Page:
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Private Support Boosts Belle Glade REC

By:
Debra Amirin

Source(s):
Melda Bassett, Assistant VP fo (352) 392-1975

GAINESVILLE – Nearly $4 million in gifts and state matches through the SHARE program has helped the Everglades Research and Education Center reach the forefront of academic and research excellence and become one of the top REC’s in Florida in the acquisition of grants. Success breeds success, and Director of the UF/IFAS Everglades Research and Education Center Van Waddill knows that better than anyone. Nearly $4 million in gifts, pledges and state matches through SHARE in the past ten years from a grateful Belle Glade agricultural community have helped the Center to achieve the academic and research excellence vital to the acquisition of grant funding and made the EREC the number one research and education center in Florida in the acquisition of such support.

“Gifts from the mid and early 90’s from Wedgworth Farms, Inc. and others allowed us to build a student dormitory, buy equipment for the new laboratory building we moved into in ’92, provide for graduate student assistants and create an endowment for a visiting professor,” said Waddill.

“These gifts strengthen the program a great deal. Now, because we have the equipment, students and a visiting professor, our scientists are in a much stronger position when they pursue grant funding. Success breeds success, and the fact that we’re doing well in SHARE is helping us in other aspects as well.”

Wedgworth Farms, Inc. is owned by the children of Everglades area farming pioneers Ruth and Herman Wedgworth: George H. Wedgworth, Helen Jean Boynton, and Barbara Oetzman. George is president of both Wedgworth Farms, Inc. and the Sugar Cane Growers Cooperative of Florida and chair of the UF/IFAS Campaign Committee.

Wedgworth Farms, Inc. made a leadership-level $1 million gift to the EREC in 1990 for a dormitory, scientific equipment, and professorship and graduate fellowship endowments. The gift was matched with $450,000 by the state. The company recently donated an additional $150,000, to be matched with $150,000 from the state, to renovate an auditorium at the EREC into a greatly needed soils laboratory.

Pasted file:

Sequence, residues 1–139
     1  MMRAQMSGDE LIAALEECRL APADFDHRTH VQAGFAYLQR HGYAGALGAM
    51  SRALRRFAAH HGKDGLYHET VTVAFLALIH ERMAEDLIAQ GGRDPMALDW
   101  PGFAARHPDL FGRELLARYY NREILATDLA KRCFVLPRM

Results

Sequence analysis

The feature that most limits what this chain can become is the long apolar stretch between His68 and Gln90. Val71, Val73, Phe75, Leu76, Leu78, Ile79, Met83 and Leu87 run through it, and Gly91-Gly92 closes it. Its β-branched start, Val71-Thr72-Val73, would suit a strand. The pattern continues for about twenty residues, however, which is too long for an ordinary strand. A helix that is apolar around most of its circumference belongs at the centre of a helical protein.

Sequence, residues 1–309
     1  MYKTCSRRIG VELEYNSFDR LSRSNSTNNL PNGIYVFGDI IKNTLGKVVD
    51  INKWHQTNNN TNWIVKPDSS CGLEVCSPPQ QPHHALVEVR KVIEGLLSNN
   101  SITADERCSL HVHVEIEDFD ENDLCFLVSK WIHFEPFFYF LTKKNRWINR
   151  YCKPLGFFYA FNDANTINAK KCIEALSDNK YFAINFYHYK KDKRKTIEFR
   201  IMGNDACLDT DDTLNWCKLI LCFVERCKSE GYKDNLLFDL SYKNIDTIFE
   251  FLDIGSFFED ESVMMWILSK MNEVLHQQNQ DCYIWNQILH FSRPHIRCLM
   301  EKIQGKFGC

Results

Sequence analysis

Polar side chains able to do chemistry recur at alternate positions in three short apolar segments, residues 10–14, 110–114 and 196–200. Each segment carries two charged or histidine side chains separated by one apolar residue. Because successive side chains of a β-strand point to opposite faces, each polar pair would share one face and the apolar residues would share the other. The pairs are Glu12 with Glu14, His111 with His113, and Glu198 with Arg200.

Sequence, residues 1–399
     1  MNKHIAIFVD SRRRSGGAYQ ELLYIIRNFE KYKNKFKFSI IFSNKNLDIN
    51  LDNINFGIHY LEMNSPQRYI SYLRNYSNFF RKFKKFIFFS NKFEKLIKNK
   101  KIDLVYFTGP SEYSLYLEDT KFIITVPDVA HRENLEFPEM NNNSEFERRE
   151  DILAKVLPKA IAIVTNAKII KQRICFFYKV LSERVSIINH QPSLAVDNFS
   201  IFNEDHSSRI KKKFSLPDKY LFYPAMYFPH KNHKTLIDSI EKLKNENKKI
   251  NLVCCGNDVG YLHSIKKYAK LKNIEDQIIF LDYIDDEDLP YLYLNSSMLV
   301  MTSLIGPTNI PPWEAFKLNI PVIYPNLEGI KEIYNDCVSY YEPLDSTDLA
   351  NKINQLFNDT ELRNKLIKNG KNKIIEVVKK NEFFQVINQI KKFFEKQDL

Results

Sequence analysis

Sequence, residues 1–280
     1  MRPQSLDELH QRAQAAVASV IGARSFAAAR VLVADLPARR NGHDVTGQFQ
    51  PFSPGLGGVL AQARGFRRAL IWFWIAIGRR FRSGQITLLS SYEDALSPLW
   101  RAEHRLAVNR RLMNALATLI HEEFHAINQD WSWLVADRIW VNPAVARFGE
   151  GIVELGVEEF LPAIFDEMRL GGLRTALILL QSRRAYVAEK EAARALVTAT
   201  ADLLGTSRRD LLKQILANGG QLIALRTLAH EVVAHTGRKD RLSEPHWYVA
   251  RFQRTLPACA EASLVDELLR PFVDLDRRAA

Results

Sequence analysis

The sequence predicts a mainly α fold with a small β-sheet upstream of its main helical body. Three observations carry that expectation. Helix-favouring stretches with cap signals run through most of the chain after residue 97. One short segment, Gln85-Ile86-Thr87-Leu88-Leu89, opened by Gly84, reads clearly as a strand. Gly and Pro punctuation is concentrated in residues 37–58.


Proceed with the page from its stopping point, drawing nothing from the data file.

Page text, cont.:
“The proposed new soils laboratory at the University of Florida’s Everglades Research and Education Center will provide a much-needed facility for improved research to determine proper plant nutrition for maximum production without causing excessive nutrient runoff that could cause harm to the ecosystem,” said Wedgworth. “The newly developed advanced farming Best Mana-gement Practices require farmers to more accurately calibrate their usage of plant nutrients to maximize economical and environmental benefits. We at Wedgworth Farms, Inc. are pleased to have the opportunity to contribute to this new laboratory facility.”

Waddill said, “Growers are relying more and more on our soils lab to help them make decisions on fertilizer use. It is important for them to control the amount of phosphorus in the runoff water leaving the farm, and they want to use fertilizer as economically as possible.”

A gift from the Sugar Cane Growers Cooperative of Florida, which came in at the same time as the Wedgworth gift, will be used to build a new, state-of-the-art 300-seat auditorium that will double the old facility’s seating capacity and enable the EREC to offer first-class presentations, host grower meetings, conferences and symposia, and disseminate the latest in research information and techniques to the public. It will also be available to Belle Glade citizens, filling a critical need for meeting space in the community.